Black History Month: Inspiration and Hope
By Bailey Clark
As part of Black History Month, we’ve asked a few of the youth in the refugee community to tell us their experience learning about it. At World Relief, we work to honor and include all cultures and heritage, and celebrating Black history is just one way to do so. The last in a series of three, Mary Makuta tells us about her own inspirations within the Black community.
Food. Cooking. Hairstyles. Make-up. Technology. Transportation. The list could go on. When Mary Makuta first arrived in Memphis, everything seemed foreign to her.
Over time, however, she’s adapted, and the high school senior is now thriving in her new home. In June, she will be graduating from Central High School ahead of schedule. In just four years, she will have gone from seventh grade to graduation, and it’s all thanks to her hard work and determination.
When I spoke to Mary, she was on her way home from studying to go attend night classes. In order to graduate early, she takes double the normal class load, and she works part-time on the side as well.
Despite all her engagements, Mary still took the time to sit down and speak with me about Black History Month. In every country she’s lived in—the Democratic Republic of Congo, Rwanda, Namibia and the U.S.—she has always learned about history and found it important.
“What happened years ago, we can learn from it and not let it happen a second time,” said Mary, now 18. “People did many things for our country so that it can be better in the future.”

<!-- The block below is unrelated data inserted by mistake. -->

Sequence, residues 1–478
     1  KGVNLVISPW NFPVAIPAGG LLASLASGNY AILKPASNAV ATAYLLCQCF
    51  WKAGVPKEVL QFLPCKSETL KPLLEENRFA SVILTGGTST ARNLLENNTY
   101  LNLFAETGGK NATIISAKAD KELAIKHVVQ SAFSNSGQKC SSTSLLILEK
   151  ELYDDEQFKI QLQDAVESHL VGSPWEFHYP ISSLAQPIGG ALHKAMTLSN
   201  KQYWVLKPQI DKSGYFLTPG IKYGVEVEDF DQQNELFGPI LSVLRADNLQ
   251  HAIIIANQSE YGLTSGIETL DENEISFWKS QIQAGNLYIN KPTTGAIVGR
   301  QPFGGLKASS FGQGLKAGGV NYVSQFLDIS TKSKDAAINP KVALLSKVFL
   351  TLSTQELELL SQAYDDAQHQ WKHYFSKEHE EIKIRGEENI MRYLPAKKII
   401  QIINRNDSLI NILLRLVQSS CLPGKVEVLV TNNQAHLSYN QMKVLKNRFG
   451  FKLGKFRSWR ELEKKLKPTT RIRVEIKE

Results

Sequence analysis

In particular, she remembers the prominent civil rights leaders of the 1960s. To her, they were “being brave for others. Even though they were scared, they did not give up.”
Their perseverance, alongside other prominent African American figures, are in part what inspire her today. Mary one day plans to be a prominent businesswoman, working in the real estate and transportation businesses.
Because for her, anything is possible now. The Obamas and others have proven that in recent years, and the brave work of civil rights leaders such as Martin Luther King Jr. and Rosa Parks helped pave the way.
“Kamala Harris, she said that every girl can one day be like her,” Mary told me at the end of our time together.
With that thought in mind, Mary has set her sights high, but we have no doubt she will succeed as she already has in balancing school, work and family life in a new country. And although she may miss her home in the Democratic Republic of Congo, we have no doubt that she will have a profound impact in her new community of Memphis.
Bailey Clark serves as the Communications Coordinator for World Relief Memphis. With a background in journalism and advertising, she is passionate about storytelling and its power to make a difference.